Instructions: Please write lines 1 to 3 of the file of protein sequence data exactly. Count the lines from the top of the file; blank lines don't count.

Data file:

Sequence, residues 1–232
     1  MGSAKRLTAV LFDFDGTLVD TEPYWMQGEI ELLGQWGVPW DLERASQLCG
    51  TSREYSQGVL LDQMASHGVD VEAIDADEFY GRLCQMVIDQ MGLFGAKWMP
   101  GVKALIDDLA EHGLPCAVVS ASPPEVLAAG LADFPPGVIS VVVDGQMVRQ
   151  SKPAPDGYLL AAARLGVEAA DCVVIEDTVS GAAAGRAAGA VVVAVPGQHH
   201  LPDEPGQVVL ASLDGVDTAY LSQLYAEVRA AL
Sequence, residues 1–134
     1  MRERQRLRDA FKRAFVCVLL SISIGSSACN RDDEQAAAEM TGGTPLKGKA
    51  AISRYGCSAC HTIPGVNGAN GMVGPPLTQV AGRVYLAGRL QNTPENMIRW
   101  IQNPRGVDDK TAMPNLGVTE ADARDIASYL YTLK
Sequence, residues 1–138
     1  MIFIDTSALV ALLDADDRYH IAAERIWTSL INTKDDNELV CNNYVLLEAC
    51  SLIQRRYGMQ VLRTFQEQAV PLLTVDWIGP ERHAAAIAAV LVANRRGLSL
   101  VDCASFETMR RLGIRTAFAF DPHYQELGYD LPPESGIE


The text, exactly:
Sequence, residues 1–232
     1  MGSAKRLTAV LFDFDGTLVD TEPYWMQGEI ELLGQWGVPW DLERASQLCG
    51  TSREYSQGVL LDQMASHGVD VEAIDADEFY GRLCQMVIDQ MGLFGAKWMP